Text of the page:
You repeat this step until the hair forms tangles and the hair starts to knot and compress. When you have backcombed to the point that there is no hair left in your hand to continue, you have completed that dread. You can secure it with a rubber band elastic to hold it in place and ensure it doesn’t unravel.
You can also form dreadlocks using a method called twist & rip. This is basically when you begin to twist a section of hair (that will form one dreadlock) and as you are twisting, you periodically stop to rip the strands of hair in an upward motion. You repeat the twist and rip all the way down the length of the lock.
So to summarize, here’s the quick hit list of the different dreadlocking methods:
- Twist & Rip
- Starter Single Strand Twists
- Starter Braid or Twists
So now that we are familiar with the methods used to lock the hair, let’s dive in to the pros and cons of these two popular interlocking hair tools…
Dreadlock Crochet Hook: Pros & Cons
Pros: Easy to find at any local craft store or online. It’s basically a crochet hook used for yarn crafts so picking one up is a breeze. Because the method is so popular with dreadlock maintenance and hair weave installation, you can now find a crochet hook at most local beauty supply stores too.
Cons: Crochet hooks can be confused with latch hooks. Both are metal and both are used for the interlocking method of locking the hair. Latch hooks have a small lever-like piece that opens and closes at the hook’s tip. This lever can, and often does, snag and tear the hair.
With using a true to form crochet hook (no lever, just a hook tip), since it is not intended for the hair, it is very cumbersome to manipulate and has a learning curve before you really get the hang of using it. Perhaps not the best option for longer dreads either.
Dreadlock Tool: Pros & Cons
Pros: Since a dreadlock tool is specifically design for dreadlocks, you will find these easier to work with. They have a small loop on the end meant to capture the tip of the lock and easily pull it through the root to tighten up new growth.
There is also a straight tip version of dread tools that looks like a spike or poker. It is used to form instant locs by jabbing at the hair until it tangles on itself and also to coax wayward hairs back into the center of the dread. Keep out of reach of children for sure.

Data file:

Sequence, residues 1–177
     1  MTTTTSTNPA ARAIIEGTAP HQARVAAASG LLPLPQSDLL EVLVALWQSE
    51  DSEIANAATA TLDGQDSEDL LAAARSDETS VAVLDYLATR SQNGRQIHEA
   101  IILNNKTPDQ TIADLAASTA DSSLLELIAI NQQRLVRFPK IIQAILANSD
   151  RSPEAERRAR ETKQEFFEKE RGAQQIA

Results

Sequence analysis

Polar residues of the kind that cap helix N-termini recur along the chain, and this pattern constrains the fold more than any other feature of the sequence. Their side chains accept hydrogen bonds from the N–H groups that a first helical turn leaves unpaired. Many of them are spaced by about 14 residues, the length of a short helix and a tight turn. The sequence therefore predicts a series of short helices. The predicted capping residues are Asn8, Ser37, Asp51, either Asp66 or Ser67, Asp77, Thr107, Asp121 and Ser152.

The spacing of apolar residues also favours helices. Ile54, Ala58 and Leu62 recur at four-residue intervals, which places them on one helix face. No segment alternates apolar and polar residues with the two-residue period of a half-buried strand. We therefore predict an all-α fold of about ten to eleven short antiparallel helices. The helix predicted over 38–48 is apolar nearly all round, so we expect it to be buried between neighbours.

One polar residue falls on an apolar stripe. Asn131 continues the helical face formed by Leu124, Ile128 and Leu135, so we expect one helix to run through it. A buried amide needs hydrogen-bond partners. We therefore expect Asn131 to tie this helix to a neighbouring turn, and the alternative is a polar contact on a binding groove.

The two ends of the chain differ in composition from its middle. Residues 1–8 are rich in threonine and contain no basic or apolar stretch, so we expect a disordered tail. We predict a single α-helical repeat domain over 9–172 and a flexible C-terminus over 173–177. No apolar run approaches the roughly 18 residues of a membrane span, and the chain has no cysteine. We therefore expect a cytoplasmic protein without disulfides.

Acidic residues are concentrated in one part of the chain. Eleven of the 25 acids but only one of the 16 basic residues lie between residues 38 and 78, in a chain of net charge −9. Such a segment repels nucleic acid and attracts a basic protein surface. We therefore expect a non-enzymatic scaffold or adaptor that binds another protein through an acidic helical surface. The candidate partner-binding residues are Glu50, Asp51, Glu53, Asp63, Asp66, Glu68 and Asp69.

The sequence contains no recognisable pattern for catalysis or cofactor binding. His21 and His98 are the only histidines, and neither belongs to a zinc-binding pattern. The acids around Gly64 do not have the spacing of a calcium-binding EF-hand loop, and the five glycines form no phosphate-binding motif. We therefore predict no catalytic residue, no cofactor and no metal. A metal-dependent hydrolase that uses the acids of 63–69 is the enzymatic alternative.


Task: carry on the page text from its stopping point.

Cons: Using the smaller tools may be tough if you’re not very dextrous. Also, if you have trouble with your hands (ex. arthritis, carpel tunnel, etc…) the repetitive movements and working with small sections that comes with using these tools will pose a challenge.
Our Preferred Dreadlock Interlocking Tool
The InstaLoc Hair Tool for Dreadlock Maintenance is our healthy hair alternative to the common latch-hook and crochet needle techniques of maintaining locs. No more painful retightening sessions and sleepless, tender headed nights.
You can have ‘instant’ locs with our flexible, easy-to-use threader. The whole process is quick and painless, with no snags, tears or damage which is so common with the latch-hook method of dreadlock maintenance.
Using the Instaloc cuts your dreadlock maintenance time in half, guaranteed.
The InstaLoc Hair Tool’s long, flexible handle is specially designed to help you to get at all of those hard to reach areas – so you can do maintenance yourself. The large ‘eye’ in the InstaLoc helps you to catch and lock dreads of all shapes and sizes.
It also works great for installing crotchet braids and faux locs too!
So now that you have the 411 on using a dreadlock crochet hook versus a dreadlock tool, which will you choose?